Archaeologists find oldest paintings of apostles
June 23, 2010 1 Comment
Philip Pullella | Reuters
(Rome, Italy)—Archaeologists believe that 1500 year-old images found in a section of the catacombs of St. Tecla near St. Paul’s Basilica, that have been recently restored, may have been among those that most influenced later artists’ depictions of the faces of Christ’s most important early followers.
“These are the first images that we know of the faces of these four apostles,” said Professor Fabrizio Bisconti, the head of archaeology for Rome’s catacombs. “This is a very important discovery in the history of the early Christian communities of Rome.”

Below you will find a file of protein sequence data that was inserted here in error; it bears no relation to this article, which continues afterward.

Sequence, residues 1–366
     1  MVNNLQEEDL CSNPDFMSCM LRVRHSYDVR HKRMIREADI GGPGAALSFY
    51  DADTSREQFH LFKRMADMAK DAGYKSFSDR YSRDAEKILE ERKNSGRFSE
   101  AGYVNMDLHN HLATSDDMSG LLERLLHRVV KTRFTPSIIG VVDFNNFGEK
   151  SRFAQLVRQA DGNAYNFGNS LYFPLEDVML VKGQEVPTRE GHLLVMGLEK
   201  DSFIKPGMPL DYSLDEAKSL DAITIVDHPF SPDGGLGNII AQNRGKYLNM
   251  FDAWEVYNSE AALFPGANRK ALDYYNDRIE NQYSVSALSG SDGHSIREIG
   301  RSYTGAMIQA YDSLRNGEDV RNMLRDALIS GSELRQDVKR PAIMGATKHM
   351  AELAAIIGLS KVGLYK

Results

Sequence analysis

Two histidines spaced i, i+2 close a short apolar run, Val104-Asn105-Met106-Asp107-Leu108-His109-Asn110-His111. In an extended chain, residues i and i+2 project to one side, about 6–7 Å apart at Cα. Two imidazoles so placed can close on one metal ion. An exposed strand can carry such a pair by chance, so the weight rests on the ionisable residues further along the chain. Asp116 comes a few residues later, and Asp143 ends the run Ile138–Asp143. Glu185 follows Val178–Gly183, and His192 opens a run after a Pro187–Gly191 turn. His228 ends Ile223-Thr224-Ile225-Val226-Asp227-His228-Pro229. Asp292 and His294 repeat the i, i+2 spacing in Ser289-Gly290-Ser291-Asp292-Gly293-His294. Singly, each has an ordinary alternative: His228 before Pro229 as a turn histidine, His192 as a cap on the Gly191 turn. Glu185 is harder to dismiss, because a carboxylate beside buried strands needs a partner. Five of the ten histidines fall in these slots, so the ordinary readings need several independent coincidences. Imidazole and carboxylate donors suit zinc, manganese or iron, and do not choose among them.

The images consist of four circles depicting the apostles Peter, Paul, Andrew and John, on the ceiling of the burial place of a noblewoman believed to have converted to Christianity.
The use of lasers as an “optical scalpel” allowed restorers to reveal with “stunning clarity” images that up until then were blurry. According to the report, the wrinkles on St. Paul’s forehead, for example, are clear and the whiteness of St. Peter’s beard has re-emerged.
“It was very, very emotional to discover this,” said Barbara Mazzei, head of the project.
The report noted as well that other scenes from the Bible, such as Jesus raising Lazarus from the dead or Abraham preparing to sacrifice his son Isaac, are now also much clearer and brighter. Read more.